The philosopher Hannah Arendt has been much quoted lately on the matter of falsehoods in politics—an issue on which Cohen had plenty to say. But in her treatise The Human Condition, she also described the central role of forgiveness in political life. “Without being forgiven,” she wrote, “released from the consequences of what we have done, our capacity would … be confined to one single deed from which we could never recover.” People would remain “victims of consequence.” The act of forgiving, in her view, is the necessary counterpart to the promises people make to one another—on which society is founded—because it allows the spontaneous possibility of moving beyond the pain of a broken promise. But that also means holding onto the knowledge that the promise was broken in the first place.
“It’s hard,” Franklin Foer wrote of the Cohen testimony in The Atlantic, “not to feel a little like Cohen.” Cummings’s speech was remarkable in part because it wove Cohen’s personal suffering and wrongdoing together with the suffering of the nation and the wrongdoing of those currently in power. “It sounds like you’re crying out for a new normal—for us getting back to normal,” Cummings said to Cohen. “It sounds to me like you want to make sure that our democracy stays intact.” Notably, he defined the metrics by which to measure the health of that democracy broadly. “We can do more than one thing,” he told Republicans complaining about the time devoted to Cohen’s hearing, underlining the committee’s other recent hearings on access to prescription drugs, voting rights, and corruption.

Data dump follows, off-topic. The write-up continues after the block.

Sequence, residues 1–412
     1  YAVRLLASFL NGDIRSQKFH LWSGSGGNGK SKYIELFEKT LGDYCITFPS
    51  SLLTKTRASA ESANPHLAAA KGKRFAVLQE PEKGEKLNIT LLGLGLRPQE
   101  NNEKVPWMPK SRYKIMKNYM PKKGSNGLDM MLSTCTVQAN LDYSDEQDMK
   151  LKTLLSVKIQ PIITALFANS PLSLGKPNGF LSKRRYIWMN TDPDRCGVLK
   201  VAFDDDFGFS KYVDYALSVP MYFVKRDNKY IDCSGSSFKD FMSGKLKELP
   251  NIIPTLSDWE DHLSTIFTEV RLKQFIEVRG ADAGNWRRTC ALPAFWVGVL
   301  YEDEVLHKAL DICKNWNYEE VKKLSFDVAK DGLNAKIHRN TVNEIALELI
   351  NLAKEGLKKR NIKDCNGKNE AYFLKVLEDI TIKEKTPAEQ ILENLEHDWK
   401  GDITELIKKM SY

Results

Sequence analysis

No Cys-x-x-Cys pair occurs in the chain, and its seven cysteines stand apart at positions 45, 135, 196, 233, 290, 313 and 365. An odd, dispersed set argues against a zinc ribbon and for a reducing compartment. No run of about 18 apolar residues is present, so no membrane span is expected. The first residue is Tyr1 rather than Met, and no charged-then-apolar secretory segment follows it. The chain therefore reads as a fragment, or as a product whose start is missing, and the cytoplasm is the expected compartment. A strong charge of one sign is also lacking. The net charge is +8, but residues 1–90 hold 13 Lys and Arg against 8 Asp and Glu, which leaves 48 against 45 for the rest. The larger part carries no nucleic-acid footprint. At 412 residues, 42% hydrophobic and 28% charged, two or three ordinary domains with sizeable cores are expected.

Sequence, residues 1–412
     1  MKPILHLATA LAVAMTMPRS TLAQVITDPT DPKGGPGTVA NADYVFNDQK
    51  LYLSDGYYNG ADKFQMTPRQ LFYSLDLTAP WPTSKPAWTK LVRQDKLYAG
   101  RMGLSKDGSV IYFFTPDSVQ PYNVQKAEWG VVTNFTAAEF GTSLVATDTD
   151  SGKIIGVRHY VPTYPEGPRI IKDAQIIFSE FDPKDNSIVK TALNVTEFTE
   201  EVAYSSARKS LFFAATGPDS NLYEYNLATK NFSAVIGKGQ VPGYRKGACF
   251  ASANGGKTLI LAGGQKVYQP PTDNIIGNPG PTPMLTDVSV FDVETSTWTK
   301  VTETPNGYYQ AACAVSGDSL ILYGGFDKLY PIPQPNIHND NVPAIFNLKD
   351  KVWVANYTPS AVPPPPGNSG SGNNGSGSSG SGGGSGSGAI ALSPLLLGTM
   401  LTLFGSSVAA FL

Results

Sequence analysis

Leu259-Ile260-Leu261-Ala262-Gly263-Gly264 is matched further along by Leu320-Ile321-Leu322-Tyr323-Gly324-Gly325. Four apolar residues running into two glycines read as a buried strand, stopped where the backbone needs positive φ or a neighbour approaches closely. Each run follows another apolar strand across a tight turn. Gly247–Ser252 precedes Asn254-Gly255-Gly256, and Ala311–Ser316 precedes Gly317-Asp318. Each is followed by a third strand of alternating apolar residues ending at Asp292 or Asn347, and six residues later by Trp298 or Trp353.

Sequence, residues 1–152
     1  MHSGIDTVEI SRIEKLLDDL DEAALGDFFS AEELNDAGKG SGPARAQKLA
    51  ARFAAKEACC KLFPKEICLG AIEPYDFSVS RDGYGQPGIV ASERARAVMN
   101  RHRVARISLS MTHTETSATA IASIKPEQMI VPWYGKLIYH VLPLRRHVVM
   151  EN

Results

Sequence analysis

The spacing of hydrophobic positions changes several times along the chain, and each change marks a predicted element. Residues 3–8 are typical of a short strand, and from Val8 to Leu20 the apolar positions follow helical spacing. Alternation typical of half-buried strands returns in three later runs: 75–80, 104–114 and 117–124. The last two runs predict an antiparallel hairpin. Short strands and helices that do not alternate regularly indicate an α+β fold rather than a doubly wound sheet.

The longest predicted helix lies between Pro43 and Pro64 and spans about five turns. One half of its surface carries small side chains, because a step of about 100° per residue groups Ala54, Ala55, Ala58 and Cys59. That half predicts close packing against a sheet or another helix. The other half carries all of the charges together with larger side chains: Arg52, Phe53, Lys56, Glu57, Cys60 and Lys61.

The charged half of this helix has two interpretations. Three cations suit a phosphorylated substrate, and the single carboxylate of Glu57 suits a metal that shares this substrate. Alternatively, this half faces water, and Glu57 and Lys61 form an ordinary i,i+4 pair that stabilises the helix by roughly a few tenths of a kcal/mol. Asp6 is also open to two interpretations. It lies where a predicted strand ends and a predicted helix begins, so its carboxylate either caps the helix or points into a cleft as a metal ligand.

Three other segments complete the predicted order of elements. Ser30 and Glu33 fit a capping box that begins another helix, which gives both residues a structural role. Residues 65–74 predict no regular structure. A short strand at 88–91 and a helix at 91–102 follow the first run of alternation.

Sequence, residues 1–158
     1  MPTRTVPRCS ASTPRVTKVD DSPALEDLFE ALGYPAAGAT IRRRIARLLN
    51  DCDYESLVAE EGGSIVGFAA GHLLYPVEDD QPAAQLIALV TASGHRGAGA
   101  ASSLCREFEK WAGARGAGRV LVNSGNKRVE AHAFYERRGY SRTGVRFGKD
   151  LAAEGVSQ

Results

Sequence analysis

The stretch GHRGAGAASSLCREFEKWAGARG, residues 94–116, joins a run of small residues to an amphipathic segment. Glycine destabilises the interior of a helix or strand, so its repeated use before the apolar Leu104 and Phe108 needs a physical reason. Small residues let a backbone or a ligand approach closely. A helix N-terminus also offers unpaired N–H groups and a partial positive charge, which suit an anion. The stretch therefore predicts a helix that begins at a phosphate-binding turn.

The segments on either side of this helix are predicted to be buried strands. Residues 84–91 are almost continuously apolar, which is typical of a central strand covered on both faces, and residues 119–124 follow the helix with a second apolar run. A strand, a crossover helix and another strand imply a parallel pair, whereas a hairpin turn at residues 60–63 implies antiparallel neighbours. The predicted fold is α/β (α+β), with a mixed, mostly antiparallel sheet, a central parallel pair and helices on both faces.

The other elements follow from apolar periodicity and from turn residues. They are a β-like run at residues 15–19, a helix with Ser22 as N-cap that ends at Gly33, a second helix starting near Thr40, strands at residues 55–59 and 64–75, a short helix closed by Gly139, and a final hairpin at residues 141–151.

If Cohen saw himself in the Republican congressmen he faced across the dais, then Cummings was speaking to them, too, in offering the possibility of redemption—though they might not have heard it. Imagining the questions those in the hearing room would face years from now, Cummings asked: “In 2019, what did we do to make sure we kept our democracy intact? Did we stand on the sidelines and say nothing?” After the end of this presidency, the country will have to take stock of how to move forward. Cummings offered one model of how to do so: with a keen awareness of the pain that it caused, but also with grace.